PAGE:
A new theology of divorce'. Mike Sweitzer-Beckman is the author, and he was speaking about he was one of the statistics when it comes to children of divorce. He isn't one of those that seemed all that harmed by it as he speaks of his parents, and later their new marriages and his new step siblings.
He spoke of a number of different circumstances of annulment that people he knew from the Catholic church had gone though personally. I'm not Catholic myself, but I have heard about the process a number of times from people I know. I wanted to point this article out, because it seems one of my most popular articles on this blog from the past was Marriage Annulment Grounds in the Catholic Church.
There was a lady in my Domestic Violence group that was seeking an annulment due to the emotional abuse, verbal abuse, among other things that torn the marriage to pieces. I will never forget her husband for one reason! He delayed the divorce in court over wanting joint custody of their dog. Can you believe that? She offered him the dog, but he wouldn't take it. It could cost a fortune to continue to fight about this, and believe or not she walked the dog down the driveway twice a week for pickup and delivery. Her adult children pleaded with him to just TAKE him (the dog), because the arrangement was just silly! It was his way of making sure he could keep control of something. I remember one of the last things I told her was to give the dog away, and just tell him he got loose and he was lost. That would place an end to the visitation of the dog. I don't know if she did that or not, and I figure even her adult children would have agreed the plan. They also knew Dad was just trying to keep contact. Abusers are strange people on top of pure cruel at times!
She seemed to truly get a sense of healing from the annulment process, and I guess it was like a endorsement of sorts that the marriage was indeed over even in the eyes of the church. I can see where that is pretty BIG for people don't you?
The author spoke of one women that dealt with domestic violence, and I guess the process was just to much for her. I can't understand that as well:
The bishops' approach to dealing with divorced couples is disheartening. I have a friend whose mom was married in the church, endured years of domestic violence, and got divorced. She is now remarried and happy. Would God have wanted her to stay in that first marriage, continue to endure abuse, and not find happiness in another unitive, procreative relationship where she and others involved could more fully feel God's love? She attempted to file for annulment of the first marriage, but it meant having to recount all the times she was abused in order to complete the paperwork. It wasn't worth it. It's not that she's not committed to the church -- she still attends daily Mass and doesn't participate in the Eucharist. She's continued to play by the rules. I'm sure she'll approach the pearly gates, and God will forgive her for not filling out some paperwork -- and I imagine if God doesn't forgive her, it will be because she never sinned in the first place for getting out of this marriage and finding one where she could live God's call.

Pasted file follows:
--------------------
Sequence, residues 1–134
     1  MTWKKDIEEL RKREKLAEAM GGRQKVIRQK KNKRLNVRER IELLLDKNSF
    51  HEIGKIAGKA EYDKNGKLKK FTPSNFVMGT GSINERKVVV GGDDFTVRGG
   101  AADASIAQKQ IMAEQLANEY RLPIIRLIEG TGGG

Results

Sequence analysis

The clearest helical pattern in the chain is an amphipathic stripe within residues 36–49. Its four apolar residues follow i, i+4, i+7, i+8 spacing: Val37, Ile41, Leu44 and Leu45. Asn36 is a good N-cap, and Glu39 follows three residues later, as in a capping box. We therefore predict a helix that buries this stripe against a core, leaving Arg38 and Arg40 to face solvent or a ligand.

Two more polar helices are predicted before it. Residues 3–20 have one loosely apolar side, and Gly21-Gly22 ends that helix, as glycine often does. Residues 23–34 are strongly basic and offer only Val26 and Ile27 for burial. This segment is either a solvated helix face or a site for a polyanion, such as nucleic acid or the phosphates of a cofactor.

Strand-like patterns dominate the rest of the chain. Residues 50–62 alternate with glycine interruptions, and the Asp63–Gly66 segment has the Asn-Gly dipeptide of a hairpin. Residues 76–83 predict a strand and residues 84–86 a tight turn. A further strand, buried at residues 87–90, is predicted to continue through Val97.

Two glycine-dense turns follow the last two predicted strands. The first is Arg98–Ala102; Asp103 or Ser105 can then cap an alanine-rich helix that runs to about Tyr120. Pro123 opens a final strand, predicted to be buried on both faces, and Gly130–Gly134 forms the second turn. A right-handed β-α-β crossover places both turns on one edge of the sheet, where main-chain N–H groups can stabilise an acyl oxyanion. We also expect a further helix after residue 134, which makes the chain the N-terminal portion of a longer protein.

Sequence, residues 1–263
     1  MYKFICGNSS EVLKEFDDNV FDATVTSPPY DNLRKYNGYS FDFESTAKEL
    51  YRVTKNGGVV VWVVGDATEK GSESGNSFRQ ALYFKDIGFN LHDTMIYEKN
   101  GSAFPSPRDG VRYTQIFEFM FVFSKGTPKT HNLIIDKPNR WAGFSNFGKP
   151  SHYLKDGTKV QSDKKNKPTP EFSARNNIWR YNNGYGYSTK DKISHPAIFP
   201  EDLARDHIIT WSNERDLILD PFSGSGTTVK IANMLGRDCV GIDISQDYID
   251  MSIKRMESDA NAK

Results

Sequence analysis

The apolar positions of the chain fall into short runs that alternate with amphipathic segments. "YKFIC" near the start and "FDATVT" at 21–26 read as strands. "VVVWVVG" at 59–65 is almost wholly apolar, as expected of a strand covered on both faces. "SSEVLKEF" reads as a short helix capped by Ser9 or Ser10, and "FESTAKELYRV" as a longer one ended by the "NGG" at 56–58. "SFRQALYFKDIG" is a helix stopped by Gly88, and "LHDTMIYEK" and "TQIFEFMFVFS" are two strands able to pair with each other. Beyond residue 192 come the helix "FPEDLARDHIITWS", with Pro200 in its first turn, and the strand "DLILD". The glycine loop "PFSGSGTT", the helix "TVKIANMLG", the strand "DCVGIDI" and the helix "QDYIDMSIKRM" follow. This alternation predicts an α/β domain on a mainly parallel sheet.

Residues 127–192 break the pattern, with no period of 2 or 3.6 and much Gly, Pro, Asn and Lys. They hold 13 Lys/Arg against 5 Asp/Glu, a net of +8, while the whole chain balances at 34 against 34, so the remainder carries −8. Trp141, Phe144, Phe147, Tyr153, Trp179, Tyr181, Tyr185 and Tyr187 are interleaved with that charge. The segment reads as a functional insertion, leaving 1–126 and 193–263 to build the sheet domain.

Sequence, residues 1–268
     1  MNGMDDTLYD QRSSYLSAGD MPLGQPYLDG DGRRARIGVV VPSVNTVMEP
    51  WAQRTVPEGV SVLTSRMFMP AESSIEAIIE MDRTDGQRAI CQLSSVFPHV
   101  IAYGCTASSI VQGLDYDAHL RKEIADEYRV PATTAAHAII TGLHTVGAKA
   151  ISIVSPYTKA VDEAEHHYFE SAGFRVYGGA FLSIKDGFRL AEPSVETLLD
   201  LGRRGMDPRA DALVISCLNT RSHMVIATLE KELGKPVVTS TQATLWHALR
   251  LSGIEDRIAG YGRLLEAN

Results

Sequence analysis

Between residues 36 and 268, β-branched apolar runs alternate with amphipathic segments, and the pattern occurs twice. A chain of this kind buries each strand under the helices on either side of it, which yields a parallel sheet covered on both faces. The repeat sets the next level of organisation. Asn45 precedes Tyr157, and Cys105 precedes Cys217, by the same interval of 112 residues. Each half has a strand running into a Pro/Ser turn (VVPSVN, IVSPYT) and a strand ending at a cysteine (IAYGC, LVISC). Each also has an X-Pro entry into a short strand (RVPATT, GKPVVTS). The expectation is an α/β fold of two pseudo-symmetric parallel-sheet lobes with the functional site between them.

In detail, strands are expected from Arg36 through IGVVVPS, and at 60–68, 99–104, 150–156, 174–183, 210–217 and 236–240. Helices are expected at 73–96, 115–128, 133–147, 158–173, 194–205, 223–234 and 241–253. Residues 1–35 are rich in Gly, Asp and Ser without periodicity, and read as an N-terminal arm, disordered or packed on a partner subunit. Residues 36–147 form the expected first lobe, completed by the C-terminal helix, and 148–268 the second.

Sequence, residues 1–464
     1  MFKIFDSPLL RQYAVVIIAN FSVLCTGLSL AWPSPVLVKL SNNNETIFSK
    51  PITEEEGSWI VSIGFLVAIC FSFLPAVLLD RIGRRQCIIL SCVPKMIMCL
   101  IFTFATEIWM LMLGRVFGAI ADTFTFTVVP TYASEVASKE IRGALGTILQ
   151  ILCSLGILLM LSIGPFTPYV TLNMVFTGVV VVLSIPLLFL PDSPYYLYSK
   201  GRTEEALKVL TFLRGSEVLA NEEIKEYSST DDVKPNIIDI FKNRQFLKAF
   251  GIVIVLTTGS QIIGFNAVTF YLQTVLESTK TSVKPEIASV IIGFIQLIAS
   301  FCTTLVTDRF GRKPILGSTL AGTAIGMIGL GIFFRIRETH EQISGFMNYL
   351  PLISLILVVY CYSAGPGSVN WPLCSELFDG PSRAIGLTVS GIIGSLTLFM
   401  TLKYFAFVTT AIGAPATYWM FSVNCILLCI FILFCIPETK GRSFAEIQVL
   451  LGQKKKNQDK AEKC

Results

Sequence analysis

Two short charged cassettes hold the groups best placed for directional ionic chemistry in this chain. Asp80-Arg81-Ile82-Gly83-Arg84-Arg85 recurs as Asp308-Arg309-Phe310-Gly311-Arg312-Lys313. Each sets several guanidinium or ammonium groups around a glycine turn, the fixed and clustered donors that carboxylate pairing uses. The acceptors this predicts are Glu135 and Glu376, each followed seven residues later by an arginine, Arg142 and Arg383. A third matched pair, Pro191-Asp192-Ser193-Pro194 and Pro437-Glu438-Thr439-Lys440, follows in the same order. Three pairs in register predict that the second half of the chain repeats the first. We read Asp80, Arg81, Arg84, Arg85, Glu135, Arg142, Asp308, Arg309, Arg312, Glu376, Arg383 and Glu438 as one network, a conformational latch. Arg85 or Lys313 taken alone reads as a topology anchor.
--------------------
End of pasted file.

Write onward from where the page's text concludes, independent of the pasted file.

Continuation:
The last story he spoke about was of a man that divorced over adultery, and years later he and his xwife agreed to do the annulment process. It wasn't approved, but it seemed he did get the healing he was after just doing the annulment process anyway.
In another case, a friend of mine got married in his 20s, and after about five years, his wife became unfaithful. It was a devastating blow to their marriage, and they both agreed that they were better off going their separate ways. She wanted to be with another man, and he never wanted this experience in marriage. Over a decade later, while earning his Masters of Divinity degree with hopes of working at a Catholic church doing youth ministry, he met a new love of his life. He attempted to get the first marriage annulled. His first wife was happy to participate in the process of filling out a lot of paperwork (and writing checks for filing fees of several hundred dollars). He respected the church's process at the time, and it helped him to more deeply analyze his first marriage. The local tribunal rejected the filing, saying that he didn't fully prove that love never existed in the marriage (anyone who gets married to someone they love can tell you that you can't disprove that at a later date -- you have to go with what you know at that time). The tribunal told him that he could always appeal the process -- and pay hundreds of dollars more -- but he figured out what he needed to from this process. He is now happily remarried outside the church, raising a kid, and working at a Catholic church as a youth minister. However, he will probably never fully participate in Church life again -- until, I imagine, when he passes on, and God deals with him appropriately (or doesn't deal with him at all since it's possible he made no mistakes in God's eyes).I doubt annulments will become part of any church culture outside the Catholic Church. It does seem to give people a sense of healing that they do indeed need after a divorce. I don't understand why that isn't truly addressed in a different fashion.
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